Back In 1995

Several days ago I decided it would be fun to download another random indie game and share my thoughts about it as I did a few weeks ago with Coffee Crisis. The game I decided on after looking on the Nintendo eShop is titled Back In 1995 – a “retro indie game” which isn’t much of a novelty by now, but it sounded intriguing and might be worth a try.

Back In 1995 was developed by Throw The Warped Code Out and was published by Ratalaika Games, originally being released back in 2016(no pun intended) it found its way to the Nintendo eShop this May. The game was created as a very deliberate throwback to the survival horror genre games that were popular in the 90’s such as Resident Evil, Silent Hill, or Alone In The Dark. It was created to be as authentic to these types of games as possible, as if this game truly was developed…back in 1995. The game includes many of the characteristics of survival horror games from that time such as blurry character models and environments, fixed camera angles, lackluster voice acting, and tank controls…yes, they included tank controls to aid in game’s retro authenticity. Tank controls, for those who are young( and fortunate) enough to never have had to use them simply mean that regardless of where you are on screen pressing UP will always move your character FORWARD. Anyone old enough to grow up playing the original Resident Evil games with its cumbersome tank controls surely remembers the frustration of your character drunkenly stumbling down hallways and around obstacles as it is very difficult to move in a straight line.

Cloudy with a chance of…winged meatballs?

The storyline of the game(or lack thereof) begins with the game’s protagonist, Kent regaining consciousness and is convinced he needs to reach the top of a tower in order to find his daughter Alissa, or figure out what’s going on….or something? The story really isn’t fleshed out much more than that, with only a few notes and newspaper clipping that are scattered around the 3 (yes, ONLY 3) levels of the game. The main character has suffered some sort of trauma or has amnesia and tries to discover what is going on, typical of survival horror games of the PS1/Saturn/3DO era.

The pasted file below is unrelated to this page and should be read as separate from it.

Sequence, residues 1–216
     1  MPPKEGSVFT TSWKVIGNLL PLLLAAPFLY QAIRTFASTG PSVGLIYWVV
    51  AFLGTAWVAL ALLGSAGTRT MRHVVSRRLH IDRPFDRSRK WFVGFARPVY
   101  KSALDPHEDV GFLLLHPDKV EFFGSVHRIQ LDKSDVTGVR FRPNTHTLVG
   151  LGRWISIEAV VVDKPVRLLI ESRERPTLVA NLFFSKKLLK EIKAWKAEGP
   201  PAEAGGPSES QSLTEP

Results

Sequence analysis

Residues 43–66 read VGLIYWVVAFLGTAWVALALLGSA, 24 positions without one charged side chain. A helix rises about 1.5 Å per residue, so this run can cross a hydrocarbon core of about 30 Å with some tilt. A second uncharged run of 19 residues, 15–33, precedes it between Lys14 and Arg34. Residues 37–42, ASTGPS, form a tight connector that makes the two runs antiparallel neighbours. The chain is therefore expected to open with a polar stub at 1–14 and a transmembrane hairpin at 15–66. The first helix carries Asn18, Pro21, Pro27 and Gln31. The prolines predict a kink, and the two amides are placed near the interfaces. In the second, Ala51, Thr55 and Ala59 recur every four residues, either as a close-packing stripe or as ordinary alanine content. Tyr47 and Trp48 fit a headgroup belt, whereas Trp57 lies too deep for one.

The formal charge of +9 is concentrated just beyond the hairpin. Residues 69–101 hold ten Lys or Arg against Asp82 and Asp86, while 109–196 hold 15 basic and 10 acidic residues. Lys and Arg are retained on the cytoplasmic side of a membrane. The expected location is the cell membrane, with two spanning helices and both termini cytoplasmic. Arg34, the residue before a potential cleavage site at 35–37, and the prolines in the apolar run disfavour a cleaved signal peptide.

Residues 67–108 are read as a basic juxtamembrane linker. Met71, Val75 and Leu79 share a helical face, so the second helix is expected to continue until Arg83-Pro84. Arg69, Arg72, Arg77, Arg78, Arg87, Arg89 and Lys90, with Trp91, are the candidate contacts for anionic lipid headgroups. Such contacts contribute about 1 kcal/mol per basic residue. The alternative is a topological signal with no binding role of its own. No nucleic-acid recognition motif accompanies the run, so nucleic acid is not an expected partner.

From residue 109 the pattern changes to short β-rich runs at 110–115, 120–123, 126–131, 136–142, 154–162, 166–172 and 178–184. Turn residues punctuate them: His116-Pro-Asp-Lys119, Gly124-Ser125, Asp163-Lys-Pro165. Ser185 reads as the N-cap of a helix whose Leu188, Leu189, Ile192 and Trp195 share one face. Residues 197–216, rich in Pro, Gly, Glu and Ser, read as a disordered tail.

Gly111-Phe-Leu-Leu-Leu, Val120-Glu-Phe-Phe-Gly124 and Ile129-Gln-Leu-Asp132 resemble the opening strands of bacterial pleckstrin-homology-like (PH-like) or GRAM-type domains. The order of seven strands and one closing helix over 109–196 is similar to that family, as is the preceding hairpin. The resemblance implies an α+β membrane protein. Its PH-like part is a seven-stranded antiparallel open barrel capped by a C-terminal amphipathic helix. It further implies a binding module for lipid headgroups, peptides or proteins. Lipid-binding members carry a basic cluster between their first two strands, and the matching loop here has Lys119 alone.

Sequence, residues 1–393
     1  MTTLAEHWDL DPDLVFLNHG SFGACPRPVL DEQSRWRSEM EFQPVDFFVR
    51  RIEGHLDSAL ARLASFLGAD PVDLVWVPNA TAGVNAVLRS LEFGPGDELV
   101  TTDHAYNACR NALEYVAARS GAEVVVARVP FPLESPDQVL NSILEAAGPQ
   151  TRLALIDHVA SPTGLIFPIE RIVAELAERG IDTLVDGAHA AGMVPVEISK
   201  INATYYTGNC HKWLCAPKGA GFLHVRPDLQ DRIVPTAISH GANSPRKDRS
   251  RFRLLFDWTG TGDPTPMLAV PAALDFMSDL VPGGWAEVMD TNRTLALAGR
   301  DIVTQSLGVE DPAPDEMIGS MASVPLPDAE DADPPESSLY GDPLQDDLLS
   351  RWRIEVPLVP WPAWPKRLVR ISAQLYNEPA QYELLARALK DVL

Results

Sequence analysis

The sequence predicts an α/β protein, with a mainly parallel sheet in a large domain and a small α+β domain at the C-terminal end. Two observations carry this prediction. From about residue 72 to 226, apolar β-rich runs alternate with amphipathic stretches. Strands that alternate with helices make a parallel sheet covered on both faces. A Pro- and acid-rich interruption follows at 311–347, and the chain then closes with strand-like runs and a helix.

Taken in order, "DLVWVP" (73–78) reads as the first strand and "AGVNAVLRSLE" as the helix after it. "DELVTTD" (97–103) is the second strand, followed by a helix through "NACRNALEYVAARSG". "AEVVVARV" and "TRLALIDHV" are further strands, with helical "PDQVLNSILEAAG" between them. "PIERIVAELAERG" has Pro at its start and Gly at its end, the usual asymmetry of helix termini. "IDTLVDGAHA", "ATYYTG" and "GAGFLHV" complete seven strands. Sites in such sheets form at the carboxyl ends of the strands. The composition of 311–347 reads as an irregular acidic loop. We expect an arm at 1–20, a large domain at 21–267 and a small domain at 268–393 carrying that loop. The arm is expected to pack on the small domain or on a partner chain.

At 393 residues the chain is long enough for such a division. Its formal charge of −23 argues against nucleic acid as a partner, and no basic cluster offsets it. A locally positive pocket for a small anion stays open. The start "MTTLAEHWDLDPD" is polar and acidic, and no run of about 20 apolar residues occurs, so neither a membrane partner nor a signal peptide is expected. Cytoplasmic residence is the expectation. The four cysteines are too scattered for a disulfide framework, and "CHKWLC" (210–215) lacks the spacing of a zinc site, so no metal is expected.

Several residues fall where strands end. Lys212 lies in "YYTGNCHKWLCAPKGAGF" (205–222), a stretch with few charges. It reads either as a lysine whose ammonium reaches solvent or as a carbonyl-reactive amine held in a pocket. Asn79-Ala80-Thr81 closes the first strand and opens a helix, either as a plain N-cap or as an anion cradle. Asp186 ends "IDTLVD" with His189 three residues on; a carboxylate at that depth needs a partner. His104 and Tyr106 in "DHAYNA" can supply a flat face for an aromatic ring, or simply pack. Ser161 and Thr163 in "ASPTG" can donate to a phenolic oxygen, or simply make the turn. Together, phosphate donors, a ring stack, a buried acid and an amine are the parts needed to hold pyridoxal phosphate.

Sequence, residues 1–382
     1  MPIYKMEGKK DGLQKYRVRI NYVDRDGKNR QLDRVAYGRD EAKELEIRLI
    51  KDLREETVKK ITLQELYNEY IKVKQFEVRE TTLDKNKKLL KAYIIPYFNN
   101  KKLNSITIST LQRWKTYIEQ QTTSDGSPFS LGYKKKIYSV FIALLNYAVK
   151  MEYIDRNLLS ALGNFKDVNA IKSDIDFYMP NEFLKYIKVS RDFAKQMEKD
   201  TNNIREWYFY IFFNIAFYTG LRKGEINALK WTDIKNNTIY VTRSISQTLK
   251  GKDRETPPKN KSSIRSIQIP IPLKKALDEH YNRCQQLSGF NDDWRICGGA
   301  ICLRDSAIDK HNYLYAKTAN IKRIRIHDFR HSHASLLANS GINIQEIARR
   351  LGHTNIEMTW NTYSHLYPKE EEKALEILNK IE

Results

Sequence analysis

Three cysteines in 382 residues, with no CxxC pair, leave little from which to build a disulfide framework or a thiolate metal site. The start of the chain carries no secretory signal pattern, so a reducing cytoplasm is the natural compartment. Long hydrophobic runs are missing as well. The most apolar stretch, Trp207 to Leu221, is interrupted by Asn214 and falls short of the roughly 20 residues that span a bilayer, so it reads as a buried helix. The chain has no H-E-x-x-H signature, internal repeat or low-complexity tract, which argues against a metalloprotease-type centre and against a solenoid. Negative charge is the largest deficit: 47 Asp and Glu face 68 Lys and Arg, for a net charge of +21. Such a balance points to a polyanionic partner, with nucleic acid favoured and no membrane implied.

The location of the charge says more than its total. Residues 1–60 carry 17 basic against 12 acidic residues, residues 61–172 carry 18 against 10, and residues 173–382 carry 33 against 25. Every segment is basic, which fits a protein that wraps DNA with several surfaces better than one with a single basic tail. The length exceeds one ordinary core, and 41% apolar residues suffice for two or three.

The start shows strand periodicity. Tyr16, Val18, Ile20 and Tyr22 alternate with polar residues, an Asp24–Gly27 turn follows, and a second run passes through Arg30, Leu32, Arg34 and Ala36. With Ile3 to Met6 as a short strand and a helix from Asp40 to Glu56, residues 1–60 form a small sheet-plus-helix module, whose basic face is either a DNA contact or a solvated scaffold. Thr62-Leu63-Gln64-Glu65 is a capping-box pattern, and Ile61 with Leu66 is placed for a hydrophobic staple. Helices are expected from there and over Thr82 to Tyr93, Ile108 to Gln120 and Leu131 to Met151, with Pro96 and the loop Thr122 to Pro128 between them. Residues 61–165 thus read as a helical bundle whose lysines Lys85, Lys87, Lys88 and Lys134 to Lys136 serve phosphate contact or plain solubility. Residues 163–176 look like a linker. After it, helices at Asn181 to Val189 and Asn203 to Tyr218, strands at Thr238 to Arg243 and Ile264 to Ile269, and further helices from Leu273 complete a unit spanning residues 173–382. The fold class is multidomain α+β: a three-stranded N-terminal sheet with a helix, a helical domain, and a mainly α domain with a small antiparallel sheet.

Back In 1995 does manage to recreate most of the atmosphere of the games it is trying to emulate, however that is about it. The fixed camera angles and fuzzy visuals you got from using an old cathode-ray tube (CRT) tv were limitations of the time that were utilized with the game to create a feeling of suspense, there was no sense of terror or even a single jump scare or anything like it during the game. I understand what the developers were going for with the aesthetic of the game and it does succeed in feeling like games of a previous era. Back In 1995 has most of the characteristics of Resident Evil or Silent Hill, but unfortunately none of the story or anything else that makes it very memorable. There are reasons why we STILL talk about making our way through a creepy mansion filled with zombies in Resident Evil or trying to piece together what happened to the foggy, eerie town of Silent Hill. Kent wanders around a hospital office, the rooftop of the hospital, and finally ending at somewhere I would describe as a rooftop luxury condo or some kind. The game is not challenging in the way of combat or puzzles, there is more than enough health and ammo and the couple puzzles are nothing more than a few switches or 3-digit combination locks. There is never really a sense of danger or urgency in the game, despite what is set up(or not). The enemies in the game are also forgettable as they never play much of a part in the story other than weird lumpy objects to maneuver around, remember the tank controls? The environments that take place in the game are all kind of same-y; a drab shade of beige or gray making it difficult at times to tell where an item may be lying around, causing you to wander aimlessly around the empty levels.